post #98 of 1833
Quote:
Originally Posted by kwilkinson View Post
We get it, you've got a longer iron shot than I do. WOW. We're all so impressed, ya big jerk. Let me guess, you have two nuts too?!?!?!

I think everyone I ever played with has a longer iron shot than you. Including Mrs. Thomas. Just sayin.

As for the nuts...actually I do have two (differently-sized, so it's more like 1 3/4, but I digress), now that you ask, but I get the feeling yours has seen a good deal more action than mine recently. No point in having any if you don't get to use them sometimes. =(
post #99 of 1833
Quote:
Originally Posted by Thomas View Post
I think everyone I ever played with has a longer iron shot than you. Including Mrs. Thomas. Just sayin.

As for the nuts...actually I do have two (differently-sized, so it's more like 1 3/4, but I digress), now that you ask, but I get the feeling yours has seen a good deal more action than mine recently. No point in having any if you don't get to use them sometimes. =(

Well then hand one of them over. Mine's getting tired.
post #100 of 1833
I'll be jumping in the cart heading to the range in about half an hour. Not sure if I will just practice or play, though.
post #101 of 1833
Quote:
Originally Posted by Piobaire View Post
You're probably right on that strategy.

My pro put me into regular stiffness clubs. It's a lesson he's teaching my body, albeit probably an expensive one. One of my main problems is I want to, his quote, swing like I'm using an axe. I want to really muscle it. When I do that, I do not keep my head level (it goes up on the backswing and is clearly visible on the video he takes) and then I make inconsistent contact with the ball. He's really working on the "just swing the club and let the ball get in the way" type philosophy.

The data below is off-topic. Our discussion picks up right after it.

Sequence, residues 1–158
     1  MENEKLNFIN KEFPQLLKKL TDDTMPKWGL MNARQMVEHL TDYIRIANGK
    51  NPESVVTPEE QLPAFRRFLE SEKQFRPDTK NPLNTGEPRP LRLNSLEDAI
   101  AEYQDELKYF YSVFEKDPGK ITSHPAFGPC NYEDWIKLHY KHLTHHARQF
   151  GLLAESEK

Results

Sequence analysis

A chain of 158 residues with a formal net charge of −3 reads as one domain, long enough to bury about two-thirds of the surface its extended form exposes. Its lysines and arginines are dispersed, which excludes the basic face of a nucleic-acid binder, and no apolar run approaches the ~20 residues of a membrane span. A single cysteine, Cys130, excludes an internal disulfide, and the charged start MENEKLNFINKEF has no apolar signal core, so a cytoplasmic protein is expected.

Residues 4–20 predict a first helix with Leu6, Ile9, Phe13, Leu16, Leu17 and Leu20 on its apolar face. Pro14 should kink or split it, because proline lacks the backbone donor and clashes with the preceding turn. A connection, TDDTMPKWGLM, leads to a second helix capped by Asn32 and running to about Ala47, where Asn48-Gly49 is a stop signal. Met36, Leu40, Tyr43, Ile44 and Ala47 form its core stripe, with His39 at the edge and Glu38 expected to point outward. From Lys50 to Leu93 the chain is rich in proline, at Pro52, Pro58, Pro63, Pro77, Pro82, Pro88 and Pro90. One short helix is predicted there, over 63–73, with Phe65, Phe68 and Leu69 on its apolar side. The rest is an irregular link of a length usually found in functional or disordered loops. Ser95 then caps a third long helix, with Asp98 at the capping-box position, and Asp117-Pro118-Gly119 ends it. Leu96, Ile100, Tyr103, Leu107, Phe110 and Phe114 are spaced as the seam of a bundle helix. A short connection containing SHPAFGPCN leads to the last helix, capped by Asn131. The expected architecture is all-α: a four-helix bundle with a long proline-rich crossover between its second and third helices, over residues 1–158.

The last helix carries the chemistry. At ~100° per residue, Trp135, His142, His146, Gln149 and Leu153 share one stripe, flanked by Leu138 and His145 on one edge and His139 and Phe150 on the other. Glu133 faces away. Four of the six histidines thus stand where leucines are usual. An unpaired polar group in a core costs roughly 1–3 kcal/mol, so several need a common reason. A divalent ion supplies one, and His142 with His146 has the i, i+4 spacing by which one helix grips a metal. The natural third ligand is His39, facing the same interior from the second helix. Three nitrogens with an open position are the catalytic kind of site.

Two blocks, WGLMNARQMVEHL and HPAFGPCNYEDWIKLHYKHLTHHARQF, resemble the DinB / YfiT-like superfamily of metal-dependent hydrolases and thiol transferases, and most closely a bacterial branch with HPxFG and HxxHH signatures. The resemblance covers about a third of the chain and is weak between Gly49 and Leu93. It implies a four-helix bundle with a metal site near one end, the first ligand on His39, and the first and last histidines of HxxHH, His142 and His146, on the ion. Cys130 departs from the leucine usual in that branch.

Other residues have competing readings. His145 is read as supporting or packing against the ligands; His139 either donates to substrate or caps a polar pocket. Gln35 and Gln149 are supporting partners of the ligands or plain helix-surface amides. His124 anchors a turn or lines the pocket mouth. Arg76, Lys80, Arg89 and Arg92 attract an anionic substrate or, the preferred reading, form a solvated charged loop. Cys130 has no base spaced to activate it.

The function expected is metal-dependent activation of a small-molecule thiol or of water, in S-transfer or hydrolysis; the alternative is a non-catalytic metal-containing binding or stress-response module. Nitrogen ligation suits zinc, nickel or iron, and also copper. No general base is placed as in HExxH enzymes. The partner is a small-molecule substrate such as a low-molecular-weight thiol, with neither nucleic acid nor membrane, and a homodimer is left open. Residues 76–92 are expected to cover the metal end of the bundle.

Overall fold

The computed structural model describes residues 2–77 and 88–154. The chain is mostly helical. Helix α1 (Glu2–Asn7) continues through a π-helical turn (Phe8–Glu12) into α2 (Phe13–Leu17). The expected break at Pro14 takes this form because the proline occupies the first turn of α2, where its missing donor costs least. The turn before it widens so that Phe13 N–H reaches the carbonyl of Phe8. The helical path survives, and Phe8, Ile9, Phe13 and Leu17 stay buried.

So the result is when I maintain form, my club head speed is slower than what I'm actually capable of generating. The idea is to get the correct mechanics ingrained and then, a few years down the road, I'll be able to unleash but keep proper form. So there's the expensive part: the eventual re-shafting to a stronger flex.

Speaking of which, had no idea the high tech now common in golfing. He has two video cameras on you for practice and some pretty cool software for playback, where he can get all John Madden on pointing things out. Then this iron with something wrapped around the shaft, and takes tempo, headspeed, toe down, kick angle, etc. Then the tape on the bottom of the club to see how you make contact. It's pretty interesting.

Interesting to note that I've seen long-drive specialists practice with whippy-shafted drivers - mostly to practice their timing - and they still hit it long and straight with those. So I wouldn't get all starry-eyed about having stiff shafts. Besides, you can always replace the shafts down the road and keep the clubheads.
post #102 of 1833
Quote:
Originally Posted by kwilkinson View Post
Well then hand one of them over. Mine's getting tired.

I'll see if she'll let one of them out of her purse.
post #103 of 1833
Thread Starter 
Quote:
Originally Posted by Thomas View Post
Interesting to note that I've seen long-drive specialists practice with whippy-shafted drivers - mostly to practice their timing - and they still hit it long and straight with those. So I wouldn't get all starry-eyed about having stiff shafts. Besides, you can always replace the shafts down the road and keep the clubheads.

Yes, I would much rather make consistent contact and hit straight than occasionally get an extra 10-15 yards. I'm sure those I eventually hit the course with would prefer it too.
post #104 of 1833
Quote:
Originally Posted by Mark from Plano View Post
Going out to the Colonial today to watch golf, drink beer and ogle women. [JulieAndrews]These are a few of my favorite things [/JulieAndrews].


nice one
post #105 of 1833
clubs, all taylormade except ping putter